What is favus?
Favus or tinea favosa is in most cases a severe form of tinea capitis. It is caused by the dermatophyte fungus Trichophyton schoenleinii and results in a honeycomb destruction of the hair shaft. Although rare, it may sometimes occur as onychomycosis, tinea barbae, or tinea corporis.
No cases of favus have been reported in New Zealand. It is also relatively uncommon in the United States, with most cases being confined to areas where malnutrition, poverty and sub-standard living conditions exist. Favus has been found in Poland, Southern and Northern Africa, Australia, Pakistan, Brazil, the Middle East and the United Kingdom.
Who does favus affect?
Favus affects both males and females and occurs in both children and adults. Often the infection is caught during childhood or adolescence and persists into adulthood. It does not appear to be highly contagious but it is not uncommon for several family members to be infected, particularly where people are living very close to each other.
What does favus look like?
Favus is characterised by yellow cup-shaped crusts (scutula) that group together in patches like a piece of honeycomb, hence the name favus (Latin for “honeycomb”). Each crust encircles a strand of hair, which pierces the centre and pokes out.
There appear to be 3 stages of the disease according to its severity.
- Stage 1: area around the hair follicles on the scalp becomes red and inflamed. Hair remains intact.
- Stage 2: yellow cup-shaped crusts (scutula) form and hair starts to fall out.
- Stage 3: at least one third of the scalp is affected and there is extensive hair loss, atrophy and scarring.
The scutula form dense plaques that often harbour secondary bacterial infection. Removal of the plaques leave a red, swollen moist base. A mousy odour is often present.
Some other forms of favus relating to their clinical characteristics have been described:
- Favus pityroides: mimics dandruff or seborrhoeic dermatitis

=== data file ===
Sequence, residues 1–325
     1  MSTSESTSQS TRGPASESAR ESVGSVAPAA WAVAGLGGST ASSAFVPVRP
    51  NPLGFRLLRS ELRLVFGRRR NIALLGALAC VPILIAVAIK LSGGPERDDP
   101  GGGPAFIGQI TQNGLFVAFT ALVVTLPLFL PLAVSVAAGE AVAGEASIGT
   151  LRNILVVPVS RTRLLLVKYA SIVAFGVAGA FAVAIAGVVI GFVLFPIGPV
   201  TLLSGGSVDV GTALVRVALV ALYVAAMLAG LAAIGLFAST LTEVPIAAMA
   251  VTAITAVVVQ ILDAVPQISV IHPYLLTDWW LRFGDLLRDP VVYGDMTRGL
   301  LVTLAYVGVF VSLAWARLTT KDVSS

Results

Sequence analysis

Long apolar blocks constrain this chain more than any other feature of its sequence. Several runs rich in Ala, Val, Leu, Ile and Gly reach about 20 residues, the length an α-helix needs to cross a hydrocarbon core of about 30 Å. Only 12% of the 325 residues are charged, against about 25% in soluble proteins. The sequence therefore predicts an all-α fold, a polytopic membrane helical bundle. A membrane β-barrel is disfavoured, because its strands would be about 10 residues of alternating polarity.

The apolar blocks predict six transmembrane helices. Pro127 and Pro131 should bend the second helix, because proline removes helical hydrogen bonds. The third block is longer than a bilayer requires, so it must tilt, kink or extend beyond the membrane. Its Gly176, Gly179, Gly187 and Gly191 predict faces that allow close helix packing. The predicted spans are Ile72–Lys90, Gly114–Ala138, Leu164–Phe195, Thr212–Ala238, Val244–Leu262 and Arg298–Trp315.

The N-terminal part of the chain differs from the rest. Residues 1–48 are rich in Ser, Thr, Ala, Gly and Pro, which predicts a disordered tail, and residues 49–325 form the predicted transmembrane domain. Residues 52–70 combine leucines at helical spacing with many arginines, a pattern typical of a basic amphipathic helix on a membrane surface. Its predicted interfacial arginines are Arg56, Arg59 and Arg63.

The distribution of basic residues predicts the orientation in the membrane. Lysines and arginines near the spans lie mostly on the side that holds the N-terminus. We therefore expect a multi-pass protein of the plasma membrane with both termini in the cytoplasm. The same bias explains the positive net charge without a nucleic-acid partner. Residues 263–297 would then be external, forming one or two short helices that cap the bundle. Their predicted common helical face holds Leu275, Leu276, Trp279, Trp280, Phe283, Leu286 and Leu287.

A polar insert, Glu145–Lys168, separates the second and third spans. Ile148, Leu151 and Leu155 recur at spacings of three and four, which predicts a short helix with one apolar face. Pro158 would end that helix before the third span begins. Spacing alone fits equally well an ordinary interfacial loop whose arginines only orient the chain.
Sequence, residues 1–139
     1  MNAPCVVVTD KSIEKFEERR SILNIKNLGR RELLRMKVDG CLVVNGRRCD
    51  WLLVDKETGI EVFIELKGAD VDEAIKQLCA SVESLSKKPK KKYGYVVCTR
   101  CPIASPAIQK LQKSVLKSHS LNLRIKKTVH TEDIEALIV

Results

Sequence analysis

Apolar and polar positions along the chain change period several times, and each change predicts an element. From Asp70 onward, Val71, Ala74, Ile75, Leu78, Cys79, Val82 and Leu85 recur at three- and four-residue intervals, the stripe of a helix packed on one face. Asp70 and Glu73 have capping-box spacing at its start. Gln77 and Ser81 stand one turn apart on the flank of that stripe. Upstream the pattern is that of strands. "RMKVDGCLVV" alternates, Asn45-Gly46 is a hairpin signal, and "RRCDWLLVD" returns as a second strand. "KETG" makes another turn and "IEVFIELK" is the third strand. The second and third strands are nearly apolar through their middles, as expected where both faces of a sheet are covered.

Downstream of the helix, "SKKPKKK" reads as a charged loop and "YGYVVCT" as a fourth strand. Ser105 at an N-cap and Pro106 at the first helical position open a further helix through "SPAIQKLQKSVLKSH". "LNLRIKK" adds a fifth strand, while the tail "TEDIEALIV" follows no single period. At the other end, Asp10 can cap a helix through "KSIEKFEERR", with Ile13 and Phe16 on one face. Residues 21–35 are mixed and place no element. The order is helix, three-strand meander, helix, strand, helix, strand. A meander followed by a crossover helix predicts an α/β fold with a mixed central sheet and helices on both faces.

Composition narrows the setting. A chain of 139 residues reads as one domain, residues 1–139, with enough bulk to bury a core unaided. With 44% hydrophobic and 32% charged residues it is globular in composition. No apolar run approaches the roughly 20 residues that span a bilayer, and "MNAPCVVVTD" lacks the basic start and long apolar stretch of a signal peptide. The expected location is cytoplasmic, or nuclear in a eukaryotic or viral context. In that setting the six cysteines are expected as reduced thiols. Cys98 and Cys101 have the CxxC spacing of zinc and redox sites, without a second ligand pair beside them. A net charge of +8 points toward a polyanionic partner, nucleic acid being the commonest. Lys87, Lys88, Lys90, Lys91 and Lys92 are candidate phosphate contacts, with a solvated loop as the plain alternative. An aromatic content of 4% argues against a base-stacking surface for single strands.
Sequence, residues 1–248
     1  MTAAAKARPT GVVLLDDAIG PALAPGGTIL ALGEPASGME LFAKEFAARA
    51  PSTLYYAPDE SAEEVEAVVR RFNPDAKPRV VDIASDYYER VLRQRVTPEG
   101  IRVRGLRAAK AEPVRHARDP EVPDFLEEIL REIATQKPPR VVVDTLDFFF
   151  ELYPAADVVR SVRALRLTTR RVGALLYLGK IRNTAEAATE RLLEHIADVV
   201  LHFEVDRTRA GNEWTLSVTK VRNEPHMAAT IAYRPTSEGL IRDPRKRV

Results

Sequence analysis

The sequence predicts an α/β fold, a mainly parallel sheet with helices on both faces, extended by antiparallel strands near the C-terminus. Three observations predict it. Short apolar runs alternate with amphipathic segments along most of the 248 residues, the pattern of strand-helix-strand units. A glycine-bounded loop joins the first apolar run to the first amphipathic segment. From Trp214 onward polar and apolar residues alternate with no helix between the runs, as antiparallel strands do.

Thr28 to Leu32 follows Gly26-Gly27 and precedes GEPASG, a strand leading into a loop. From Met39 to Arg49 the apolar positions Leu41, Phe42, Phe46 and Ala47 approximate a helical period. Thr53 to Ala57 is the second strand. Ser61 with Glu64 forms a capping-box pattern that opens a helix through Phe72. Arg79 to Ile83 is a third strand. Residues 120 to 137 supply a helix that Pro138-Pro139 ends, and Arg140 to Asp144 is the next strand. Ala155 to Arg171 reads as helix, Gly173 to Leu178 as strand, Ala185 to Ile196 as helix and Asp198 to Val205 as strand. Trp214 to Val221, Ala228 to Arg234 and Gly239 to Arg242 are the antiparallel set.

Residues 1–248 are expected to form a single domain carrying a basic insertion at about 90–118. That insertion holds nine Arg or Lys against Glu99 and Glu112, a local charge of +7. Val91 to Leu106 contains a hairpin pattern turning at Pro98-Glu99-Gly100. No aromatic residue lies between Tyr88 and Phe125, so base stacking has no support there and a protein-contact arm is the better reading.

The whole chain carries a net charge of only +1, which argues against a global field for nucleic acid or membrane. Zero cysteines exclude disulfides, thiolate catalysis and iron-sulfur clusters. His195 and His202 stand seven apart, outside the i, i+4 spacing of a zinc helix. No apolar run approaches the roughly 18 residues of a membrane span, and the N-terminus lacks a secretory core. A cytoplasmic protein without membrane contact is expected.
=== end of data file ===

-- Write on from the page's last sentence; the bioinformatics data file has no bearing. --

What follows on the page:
- Favus psoriasiformis: psoriasis-imitating favus
- Favus follicularis: cone-shaped wax-coloured papules around the follicles
- Favus impetigoides: yellowish crusts that imitate impetigo lesions
- Favus papyroides: small loci on the scalp covered by a brittle substance
- Favus herpetiformis: round, erythematous, scaling plaques with small papules, vesicles, pustles and crusts found on the trunk and extremities.
The diagnosis of favus should be confirmed by microscopy and culture of skin scrapings and hair pulled out by the roots (see laboratory tests).
What is the treatment of favus?
Favus requires treatment with an oral antifungal agent. As used in other types of tinea capitis griseofulvin is probably the most effective agent for infection with Trichophyton schoenleinii, but is no longer available in New Zealand. More recent clinical studies indicate that Trichophyton schoenleinii infections may successfully be eradicated using oral terbinafine, itraconazole or fluconazole. Treatment with these antifungal agents may require a longer treatment course then usual for tinea capitis.
In addition to systemic treatment, topical agents such as 2% ketoconazole and 2.5% selenium sulphide shampoos may be helpful. Debris and crusts from the scalp should be removed and the scalp cleaned regularly.
Favus is essentially a chronic disease and can last from 10 to 20 years. If it is not diagnosed and treated appropriately it can lead to alopecia (hair loss) and extensive scarring.